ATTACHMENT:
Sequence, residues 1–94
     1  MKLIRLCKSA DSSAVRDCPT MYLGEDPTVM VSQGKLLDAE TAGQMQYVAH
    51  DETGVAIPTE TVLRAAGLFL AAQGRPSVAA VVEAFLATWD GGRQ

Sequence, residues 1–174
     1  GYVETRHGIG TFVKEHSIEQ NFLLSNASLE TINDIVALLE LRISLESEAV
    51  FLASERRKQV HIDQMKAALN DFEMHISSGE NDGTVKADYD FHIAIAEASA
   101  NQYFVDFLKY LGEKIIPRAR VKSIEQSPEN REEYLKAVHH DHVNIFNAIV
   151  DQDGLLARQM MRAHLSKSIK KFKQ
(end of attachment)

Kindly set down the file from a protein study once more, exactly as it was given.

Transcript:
Sequence, residues 1–94
     1  MKLIRLCKSA DSSAVRDCPT MYLGEDPTVM VSQGKLLDAE TAGQMQYVAH
    51  DETGVAIPTE TVLRAAGLFL AAQGRPSVAA VVEAFLATWD GGRQ

Sequence, residues 1–174
     1  GYVETRHGIG TFVKEHSIEQ NFLLSNASLE TINDIVALLE LRISLESEAV
    51  FLASERRKQV HIDQMKAALN DFEMHISSGE NDGTVKADYD FHIAIAEASA
   101  NQYFVDFLKY LGEKIIPRAR VKSIEQSPEN REEYLKAVHH DHVNIFNAIV
   151  DQDGLLARQM MRAHLSKSIK KFKQ